[This is a re-post of my review from the 2015 SXSW Film Festival; The Final Girls opens today in theaters an is also available on VOD.]
I don’t know if you can relate, but I always have a good deal of fun imagining how I’d fair in a horror movie. Odds are, I won’t have the opportunity to run away from a big screen slasher anytime soon, but at least now The Final Girls lets me live the dream a little.
The movie stars Taissa Farmiga as Max, the daughter of famous actress Amanda Cartwright (Malin Akerman) who’s known for one single thing, playing the shy girl with the clipboard and the guitar in the cult classic, Camp Bloodbath. Three years after losing her mother in a car crash, Max is still having a tough time moving on with her life, but thanks to the Camp Bloodbath legacy, she doesn’t really have to yet. During a freak accident at a Camp Bloodbath screening, Max and her friends must literally step through the screen and into the movie, giving Max the opportunity to reunite with her mother – or at least the Camp Bloodbath version of her mother.
The way writers M. A. Fortin and Joshua John Miller get the main characters from the real world into Camp Bloodbath is clunky and a bit of a stretch, but the scenario is such a blast, it’s only natural to go with it. The Final Girls is a dream come true for anyone with a soft spot for slasher movies. Max and her friends Gertie (Alia Shawkat), Vicki (Nina Dobrev), Chris (Alexander Ludwig) and Duncan (Thomas Middleditch) literally tear open the screen, walk through it and wind up in a horror movie. From there, it’s all about playing by some genre rules and subverting others in order to avoid getting hacked up by the film’s machete toting villain, Billy, and it’s tons of fun.
The characters are all familiar stereotypes – Max is the virgin, Chris is the boyfriend, Gertie is the best friend, Vicki’s the bitch and Duncan’s the movie geek – but Farmiga, Ludwig, Shawkat, Dobrev and Middleditch all manage to find the appropriate middle ground between adhering to the satirical quality of the film and giving their characters the humanity they need to ensure viewers are rooting for them to survive the movie. However, then we’ve got the Camp Bloodbath counselors who aren’t just horror movie cliches, but horror movie cliches to the absolute maximum. Adam Devine plays Kurt, the resident cocky jerk who wants to sleep with everyone and Angela Trimbur steps in as Tina, the slut who can draw out the killer by taking off her shirt. The whole point of their characters is to go to the extreme and DeVine and Trimmer certainly seize the opportunity. DeVine dishes out one outrageous one-liner after the next and Trimmer is responsible for one of the film’s most unforgettable moments, an absolutely hysterical slasher-summoning dance.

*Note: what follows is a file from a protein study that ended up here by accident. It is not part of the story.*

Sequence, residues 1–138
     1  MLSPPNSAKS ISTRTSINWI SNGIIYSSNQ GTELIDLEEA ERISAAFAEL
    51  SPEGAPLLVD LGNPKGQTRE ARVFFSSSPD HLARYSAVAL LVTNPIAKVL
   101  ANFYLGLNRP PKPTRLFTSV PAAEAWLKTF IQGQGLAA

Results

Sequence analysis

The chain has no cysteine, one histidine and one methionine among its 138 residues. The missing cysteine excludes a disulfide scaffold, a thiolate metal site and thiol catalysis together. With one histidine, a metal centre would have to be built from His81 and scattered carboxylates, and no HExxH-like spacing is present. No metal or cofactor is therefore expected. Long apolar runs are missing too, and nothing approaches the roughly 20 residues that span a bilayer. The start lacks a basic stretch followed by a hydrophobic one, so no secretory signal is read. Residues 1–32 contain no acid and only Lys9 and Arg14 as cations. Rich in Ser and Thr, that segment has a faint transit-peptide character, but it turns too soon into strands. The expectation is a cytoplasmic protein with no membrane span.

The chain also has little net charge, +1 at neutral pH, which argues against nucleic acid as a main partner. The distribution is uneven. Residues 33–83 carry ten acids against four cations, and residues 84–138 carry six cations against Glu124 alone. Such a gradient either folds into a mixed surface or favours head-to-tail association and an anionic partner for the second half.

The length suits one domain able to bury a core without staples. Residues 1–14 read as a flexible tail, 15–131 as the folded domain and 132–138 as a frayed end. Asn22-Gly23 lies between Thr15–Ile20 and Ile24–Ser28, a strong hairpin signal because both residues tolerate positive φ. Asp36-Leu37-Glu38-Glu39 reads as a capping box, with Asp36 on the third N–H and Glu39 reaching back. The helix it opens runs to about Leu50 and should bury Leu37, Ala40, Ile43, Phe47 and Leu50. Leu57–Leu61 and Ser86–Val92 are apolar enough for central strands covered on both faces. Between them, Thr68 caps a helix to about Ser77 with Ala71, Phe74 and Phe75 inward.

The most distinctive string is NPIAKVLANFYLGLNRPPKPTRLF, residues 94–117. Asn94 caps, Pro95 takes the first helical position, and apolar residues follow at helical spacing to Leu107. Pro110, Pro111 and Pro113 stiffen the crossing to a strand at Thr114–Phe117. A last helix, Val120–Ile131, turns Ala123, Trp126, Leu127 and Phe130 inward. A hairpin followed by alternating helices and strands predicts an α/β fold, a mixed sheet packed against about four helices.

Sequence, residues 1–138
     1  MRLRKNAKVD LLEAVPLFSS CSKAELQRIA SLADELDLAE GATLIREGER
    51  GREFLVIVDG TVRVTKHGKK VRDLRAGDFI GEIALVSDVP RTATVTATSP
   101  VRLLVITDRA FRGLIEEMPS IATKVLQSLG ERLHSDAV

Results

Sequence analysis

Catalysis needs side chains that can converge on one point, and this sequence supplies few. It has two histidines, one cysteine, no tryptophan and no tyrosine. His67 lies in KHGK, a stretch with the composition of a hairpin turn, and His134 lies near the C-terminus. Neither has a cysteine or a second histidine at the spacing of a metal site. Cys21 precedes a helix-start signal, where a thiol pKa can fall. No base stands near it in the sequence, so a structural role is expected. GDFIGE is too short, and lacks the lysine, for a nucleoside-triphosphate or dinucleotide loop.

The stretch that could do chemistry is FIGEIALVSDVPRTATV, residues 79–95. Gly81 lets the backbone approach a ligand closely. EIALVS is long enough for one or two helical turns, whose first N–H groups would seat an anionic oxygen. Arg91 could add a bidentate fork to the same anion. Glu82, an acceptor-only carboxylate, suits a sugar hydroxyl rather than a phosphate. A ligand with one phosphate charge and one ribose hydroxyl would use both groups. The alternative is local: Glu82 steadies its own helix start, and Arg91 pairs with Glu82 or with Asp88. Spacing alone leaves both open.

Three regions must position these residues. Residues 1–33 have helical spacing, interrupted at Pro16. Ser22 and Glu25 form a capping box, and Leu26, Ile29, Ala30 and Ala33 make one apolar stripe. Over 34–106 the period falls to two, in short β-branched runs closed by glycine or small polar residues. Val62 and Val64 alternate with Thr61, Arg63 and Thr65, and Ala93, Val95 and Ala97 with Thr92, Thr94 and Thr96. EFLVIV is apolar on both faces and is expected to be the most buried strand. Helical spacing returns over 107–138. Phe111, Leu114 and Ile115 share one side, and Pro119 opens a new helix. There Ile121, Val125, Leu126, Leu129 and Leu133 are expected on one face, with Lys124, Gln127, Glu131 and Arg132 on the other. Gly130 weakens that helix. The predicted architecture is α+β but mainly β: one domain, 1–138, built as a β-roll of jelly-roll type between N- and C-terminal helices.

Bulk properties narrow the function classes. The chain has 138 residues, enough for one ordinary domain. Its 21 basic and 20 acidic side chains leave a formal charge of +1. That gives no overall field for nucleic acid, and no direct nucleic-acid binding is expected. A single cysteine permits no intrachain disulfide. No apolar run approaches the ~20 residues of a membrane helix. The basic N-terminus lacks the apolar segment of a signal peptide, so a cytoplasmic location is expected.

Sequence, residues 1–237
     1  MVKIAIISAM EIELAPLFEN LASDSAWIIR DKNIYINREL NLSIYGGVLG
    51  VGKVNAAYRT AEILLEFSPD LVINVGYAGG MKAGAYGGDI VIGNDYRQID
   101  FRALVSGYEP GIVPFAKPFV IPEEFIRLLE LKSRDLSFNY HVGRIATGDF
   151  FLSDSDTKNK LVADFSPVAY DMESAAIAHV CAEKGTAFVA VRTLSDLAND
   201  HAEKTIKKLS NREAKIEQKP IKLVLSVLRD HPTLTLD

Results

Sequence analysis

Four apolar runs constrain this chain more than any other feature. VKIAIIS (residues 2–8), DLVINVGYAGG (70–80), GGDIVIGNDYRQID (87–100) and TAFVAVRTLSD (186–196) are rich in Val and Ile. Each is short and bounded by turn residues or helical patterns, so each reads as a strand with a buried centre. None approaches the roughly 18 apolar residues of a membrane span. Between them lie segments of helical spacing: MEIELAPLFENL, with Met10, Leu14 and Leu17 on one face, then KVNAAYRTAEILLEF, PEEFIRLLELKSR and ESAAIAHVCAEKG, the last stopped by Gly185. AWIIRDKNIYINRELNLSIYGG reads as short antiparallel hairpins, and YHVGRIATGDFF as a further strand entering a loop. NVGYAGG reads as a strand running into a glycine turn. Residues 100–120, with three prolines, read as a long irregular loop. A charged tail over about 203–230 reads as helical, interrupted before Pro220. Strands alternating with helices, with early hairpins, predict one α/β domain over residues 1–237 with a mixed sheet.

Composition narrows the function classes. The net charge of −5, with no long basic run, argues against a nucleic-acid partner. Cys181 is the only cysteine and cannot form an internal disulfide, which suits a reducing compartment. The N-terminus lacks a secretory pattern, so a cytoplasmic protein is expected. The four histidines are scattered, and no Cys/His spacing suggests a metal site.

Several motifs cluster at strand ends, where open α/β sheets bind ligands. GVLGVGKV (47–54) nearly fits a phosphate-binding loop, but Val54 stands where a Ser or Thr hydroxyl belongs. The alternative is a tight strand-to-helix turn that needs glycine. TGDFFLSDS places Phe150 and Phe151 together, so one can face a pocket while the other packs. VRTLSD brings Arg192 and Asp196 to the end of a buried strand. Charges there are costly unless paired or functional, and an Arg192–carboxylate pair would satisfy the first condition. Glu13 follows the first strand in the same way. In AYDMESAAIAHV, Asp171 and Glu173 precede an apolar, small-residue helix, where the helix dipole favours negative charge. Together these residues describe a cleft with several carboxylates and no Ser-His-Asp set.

We’ve also got Akerman’s character who hits a nice balance between the two groups. On the one hand, she’s a Camp Bloodbath counselor and totally plays into her role within the film, but she also strikes up a rather genuine relationship with Max without knowing that she’s really her daughter in the real world. The Final Girls is a horror comedy through and through, but Akerman and Farmiga build such an honest, heartfelt relationship between Max and her mother’s Camp Bloodbath character that the movie actually manages to conjure a tear or two.
The Final Girls has rock solid performances across the board, but it is a highly stylized piece and there’s absolutely no way it would have worked as well had director Todd Strauss-Schulson not had such a firm handle on the visuals and tone of the film. Like the characters, his shooting style plays up familiar horror movie cliches. There’s shots of Billy wielding his machete while stepping out of the fog in the distance, a fun play on flashbacks, this especially clever 360-degree rotating shot and more standout visuals that let the movie go beyond just stating that the characters are stuck in Camp Bloodbath and rather, truly making it feel as though they’re trapped in it.
The Final Girls is an insanely entertaining horror spoof, but it’s also got enough authorial expressivity to make it feel like its own thing to a degree. Based on a mere synopsis you could certainly say that The Final Girls is doing what The Cabin in the Woods did a few years ago, but as far as the full feature goes, this is a fresh and highly effective approach to having fun with the genre cliches we love while finding even more ways to enjoy them.